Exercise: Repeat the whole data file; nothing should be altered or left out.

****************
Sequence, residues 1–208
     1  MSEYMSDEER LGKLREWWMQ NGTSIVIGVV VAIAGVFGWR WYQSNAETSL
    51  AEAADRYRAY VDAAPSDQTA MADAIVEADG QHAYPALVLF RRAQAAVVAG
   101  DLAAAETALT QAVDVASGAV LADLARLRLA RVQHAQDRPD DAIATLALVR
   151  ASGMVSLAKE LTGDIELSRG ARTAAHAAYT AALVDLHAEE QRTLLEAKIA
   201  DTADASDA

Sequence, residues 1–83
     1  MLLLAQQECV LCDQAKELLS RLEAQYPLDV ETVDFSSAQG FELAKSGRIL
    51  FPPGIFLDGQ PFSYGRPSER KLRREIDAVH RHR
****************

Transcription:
Sequence, residues 1–208
     1  MSEYMSDEER LGKLREWWMQ NGTSIVIGVV VAIAGVFGWR WYQSNAETSL
    51  AEAADRYRAY VDAAPSDQTA MADAIVEADG QHAYPALVLF RRAQAAVVAG
   101  DLAAAETALT QAVDVASGAV LADLARLRLA RVQHAQDRPD DAIATLALVR
   151  ASGMVSLAKE LTGDIELSRG ARTAAHAAYT AALVDLHAEE QRTLLEAKIA
   201  DTADASDA

Sequence, residues 1–83
     1  MLLLAQQECV LCDQAKELLS RLEAQYPLDV ETVDFSSAQG FELAKSGRIL
    51  FPPGIFLDGQ PFSYGRPSER KLRREIDAVH RHR